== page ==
About Me

A blog wherein a literary agent will sometimes discuss his business, sometimes discuss the movies he sees, the tennis he watches, or the world around him. In which he will often wish he could say more, but will be obliged by business necessity and basic politeness and simple civility to hold his tongue. Rankings are done on a scale of one to five Slithy Toads, where a 0 is a complete waste of time, a 2 is a completely innocuous way to spend your time, and a 4 is intended as a geas compelling you to make the time.

Sunday, October 31, 2010

two Supers and a DMZ

The first two issues of the J. Michael Straczynski run in Superman were interesting, but not entirely convincing.  #703 starts to move things into a higher gear, and I liked it quite a bit. The first two issues showed us a Superman walking the back streets of America, one might say to find his zen. In this issue Batman comes by to tell Superman why we don't see superheroes doing this. When a Superman is out with the real people there's too much danger of them becoming collateral damage. It's an interesting argument, one which might have seemed out of place in the more innocent days of the "relevant" Green Arrow series. Certainly an argument intentionally not scene in the prior two issues. Simultaneously there is Kryptonite arriving on Earth, only this type effects us instead of the Kryptonian. While it lasts people want to attack Superman and have a Superman power. So you can see where its going.  Regular Joe under the influence attacks Superman and there is lots of collateral damage to go around.  Even though the first pages may too clearly foreshadow the last, I liked the way the series pivoted in this issue, and I am very eager to see where Straxynski goes next.  Eddy Barrows is doing nice art. This issue is smooth both in it's low-key moments and in the fight scenes.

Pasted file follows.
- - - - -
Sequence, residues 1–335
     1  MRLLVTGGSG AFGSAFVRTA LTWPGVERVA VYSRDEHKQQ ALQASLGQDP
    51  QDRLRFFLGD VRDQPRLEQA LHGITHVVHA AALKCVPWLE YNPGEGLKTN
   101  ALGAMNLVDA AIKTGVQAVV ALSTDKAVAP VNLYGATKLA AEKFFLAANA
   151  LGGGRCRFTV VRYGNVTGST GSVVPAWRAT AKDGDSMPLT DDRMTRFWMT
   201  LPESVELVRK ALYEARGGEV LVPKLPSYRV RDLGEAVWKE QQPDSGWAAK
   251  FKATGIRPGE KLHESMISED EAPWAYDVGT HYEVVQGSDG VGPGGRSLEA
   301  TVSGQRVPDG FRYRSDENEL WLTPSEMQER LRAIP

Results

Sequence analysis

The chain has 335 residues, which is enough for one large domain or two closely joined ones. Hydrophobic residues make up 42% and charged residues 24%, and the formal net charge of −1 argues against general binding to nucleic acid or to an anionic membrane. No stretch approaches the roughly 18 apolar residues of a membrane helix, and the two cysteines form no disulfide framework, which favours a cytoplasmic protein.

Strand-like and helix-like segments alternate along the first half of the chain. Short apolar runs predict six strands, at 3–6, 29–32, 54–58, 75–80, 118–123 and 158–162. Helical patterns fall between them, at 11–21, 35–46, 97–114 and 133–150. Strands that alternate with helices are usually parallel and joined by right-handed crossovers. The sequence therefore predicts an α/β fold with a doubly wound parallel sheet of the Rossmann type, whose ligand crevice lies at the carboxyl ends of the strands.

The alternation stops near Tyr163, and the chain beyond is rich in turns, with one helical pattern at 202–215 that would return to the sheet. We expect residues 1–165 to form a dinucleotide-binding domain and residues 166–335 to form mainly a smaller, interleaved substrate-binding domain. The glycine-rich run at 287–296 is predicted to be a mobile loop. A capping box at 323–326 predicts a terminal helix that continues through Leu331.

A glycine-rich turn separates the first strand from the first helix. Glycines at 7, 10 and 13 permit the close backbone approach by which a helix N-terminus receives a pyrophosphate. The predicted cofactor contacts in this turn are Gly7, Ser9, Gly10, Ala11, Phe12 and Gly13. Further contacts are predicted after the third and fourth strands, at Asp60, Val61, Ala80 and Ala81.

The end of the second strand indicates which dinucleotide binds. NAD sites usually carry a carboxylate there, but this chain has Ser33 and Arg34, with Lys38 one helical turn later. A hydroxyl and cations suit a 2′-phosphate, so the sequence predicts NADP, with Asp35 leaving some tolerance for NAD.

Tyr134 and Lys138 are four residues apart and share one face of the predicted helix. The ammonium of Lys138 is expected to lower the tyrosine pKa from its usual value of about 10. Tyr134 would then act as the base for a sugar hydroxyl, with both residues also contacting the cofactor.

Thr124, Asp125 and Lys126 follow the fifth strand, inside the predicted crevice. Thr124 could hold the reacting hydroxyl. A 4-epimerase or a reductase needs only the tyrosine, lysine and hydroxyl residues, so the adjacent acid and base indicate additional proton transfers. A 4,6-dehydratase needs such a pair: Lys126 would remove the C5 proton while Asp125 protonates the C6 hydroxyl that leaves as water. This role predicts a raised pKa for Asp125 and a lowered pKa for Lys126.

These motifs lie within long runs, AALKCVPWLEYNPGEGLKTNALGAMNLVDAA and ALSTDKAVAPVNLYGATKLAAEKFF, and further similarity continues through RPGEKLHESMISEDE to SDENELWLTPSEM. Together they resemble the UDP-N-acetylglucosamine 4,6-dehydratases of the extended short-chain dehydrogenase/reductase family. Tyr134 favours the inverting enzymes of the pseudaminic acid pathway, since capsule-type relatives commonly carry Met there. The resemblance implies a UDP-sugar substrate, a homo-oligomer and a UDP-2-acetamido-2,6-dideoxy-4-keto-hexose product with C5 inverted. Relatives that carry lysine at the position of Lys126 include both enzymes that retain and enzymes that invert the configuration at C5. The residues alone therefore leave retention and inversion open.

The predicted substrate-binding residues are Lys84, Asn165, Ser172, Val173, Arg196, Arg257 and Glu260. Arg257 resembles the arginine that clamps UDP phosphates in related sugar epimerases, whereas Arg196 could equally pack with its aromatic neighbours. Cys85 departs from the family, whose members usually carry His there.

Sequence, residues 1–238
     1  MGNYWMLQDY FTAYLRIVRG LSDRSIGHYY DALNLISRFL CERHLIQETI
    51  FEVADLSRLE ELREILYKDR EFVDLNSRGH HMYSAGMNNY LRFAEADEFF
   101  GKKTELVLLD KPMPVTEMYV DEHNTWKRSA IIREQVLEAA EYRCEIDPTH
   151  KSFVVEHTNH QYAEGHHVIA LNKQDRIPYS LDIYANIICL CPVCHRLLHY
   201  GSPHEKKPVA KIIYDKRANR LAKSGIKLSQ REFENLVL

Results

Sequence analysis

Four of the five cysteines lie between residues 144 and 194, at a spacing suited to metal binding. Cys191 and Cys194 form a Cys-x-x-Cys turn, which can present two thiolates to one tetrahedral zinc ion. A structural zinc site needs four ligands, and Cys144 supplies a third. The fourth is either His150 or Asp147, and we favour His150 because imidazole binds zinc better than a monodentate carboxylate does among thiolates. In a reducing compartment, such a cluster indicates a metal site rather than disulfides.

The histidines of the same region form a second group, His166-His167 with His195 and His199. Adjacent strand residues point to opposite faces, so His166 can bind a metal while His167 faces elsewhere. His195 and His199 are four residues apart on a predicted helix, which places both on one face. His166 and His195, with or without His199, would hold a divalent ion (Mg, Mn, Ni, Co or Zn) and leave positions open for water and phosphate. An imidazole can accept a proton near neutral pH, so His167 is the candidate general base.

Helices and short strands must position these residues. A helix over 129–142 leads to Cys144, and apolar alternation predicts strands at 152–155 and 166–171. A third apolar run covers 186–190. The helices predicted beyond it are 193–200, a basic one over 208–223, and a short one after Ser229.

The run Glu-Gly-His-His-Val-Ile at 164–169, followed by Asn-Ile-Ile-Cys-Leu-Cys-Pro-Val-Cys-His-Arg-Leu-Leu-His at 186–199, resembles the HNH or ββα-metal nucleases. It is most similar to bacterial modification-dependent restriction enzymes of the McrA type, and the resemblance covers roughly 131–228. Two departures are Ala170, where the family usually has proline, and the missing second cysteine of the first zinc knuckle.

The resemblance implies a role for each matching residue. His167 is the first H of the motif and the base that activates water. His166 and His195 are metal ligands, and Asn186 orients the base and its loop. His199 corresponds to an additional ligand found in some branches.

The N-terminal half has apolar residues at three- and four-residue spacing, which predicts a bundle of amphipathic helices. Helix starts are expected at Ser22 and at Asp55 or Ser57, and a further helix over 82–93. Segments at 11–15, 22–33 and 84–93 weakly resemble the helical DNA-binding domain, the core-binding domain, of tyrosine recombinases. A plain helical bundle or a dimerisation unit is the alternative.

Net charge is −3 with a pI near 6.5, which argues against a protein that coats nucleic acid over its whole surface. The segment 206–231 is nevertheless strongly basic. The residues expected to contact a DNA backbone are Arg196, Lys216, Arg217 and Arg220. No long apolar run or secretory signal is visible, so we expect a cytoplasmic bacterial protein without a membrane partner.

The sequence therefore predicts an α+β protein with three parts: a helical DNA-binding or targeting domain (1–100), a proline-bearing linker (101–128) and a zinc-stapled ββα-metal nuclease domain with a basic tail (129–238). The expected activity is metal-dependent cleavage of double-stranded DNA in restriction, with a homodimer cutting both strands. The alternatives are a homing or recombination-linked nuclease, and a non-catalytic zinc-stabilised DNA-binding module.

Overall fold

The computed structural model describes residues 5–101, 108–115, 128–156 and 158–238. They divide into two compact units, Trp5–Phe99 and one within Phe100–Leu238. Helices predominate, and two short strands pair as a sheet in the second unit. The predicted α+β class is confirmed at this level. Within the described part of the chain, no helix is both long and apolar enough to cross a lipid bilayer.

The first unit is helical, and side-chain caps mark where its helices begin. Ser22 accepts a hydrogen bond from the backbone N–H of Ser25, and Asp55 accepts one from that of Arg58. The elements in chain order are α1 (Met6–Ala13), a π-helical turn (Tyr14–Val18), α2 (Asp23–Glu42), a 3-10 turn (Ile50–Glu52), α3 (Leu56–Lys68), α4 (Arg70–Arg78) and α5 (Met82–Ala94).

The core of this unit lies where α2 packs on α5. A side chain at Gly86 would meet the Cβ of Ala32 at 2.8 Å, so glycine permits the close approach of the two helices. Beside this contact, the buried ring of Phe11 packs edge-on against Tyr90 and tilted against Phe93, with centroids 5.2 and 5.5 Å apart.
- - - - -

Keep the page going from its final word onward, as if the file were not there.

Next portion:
Which we do not find in #704, which is an unusually good fill-in issue by G. Willow Wilson and Leandro Oliveira. A fill-in, but clearly planned. It looks at Superman's rumspringa from Lois Lane's POV, as she decides to join her hubby on tour, running into an old flame along the way. Good stuff. 

Speaking of fill-ins I've been lukewarm on the Collective Punishment arc in DMZ, but happily "A Decade on the Wall" in issue #58, with Danijel Zezelj doing the art honors (series creator Brian Wood scripts), is the best in the arc. It tells the story of a street artist who's been held in the Shea Stadium prison camp forma while and has now finally been given his freedom. One can quibble. A 22 page story that could have been told in 17 or 12. But ya know, even though I've never shied from saying that DMZ takes its own sweet time getting places, it's always been going somewhere, and way more issues than not I'm content to enjoy the ride. And this particular issue has stickiness to it. Just leafing through while I write about it, I find myself wanting to linger on these 22 pages a little longer. I doubt I'd feel that way retrospectively about the first few issues in this arc, but this one for sure. 

The ending of DMZ has been announced for issue #72. Knock wood this means series co-creator and regular artist Rick Burchielli is getting a running start on the final 14 issues, will be around for the lot of them, and there won't be one of those famous three month waits for the final issue that have been an unwelcome part of the comics scene dating back to Camelot 3000 and Ronin.  With the inability of recent Vertigo series to hold me after the first few issues, and some with very promising first issues, I'll be sad to see DMZ ending in by the start of 2012.       

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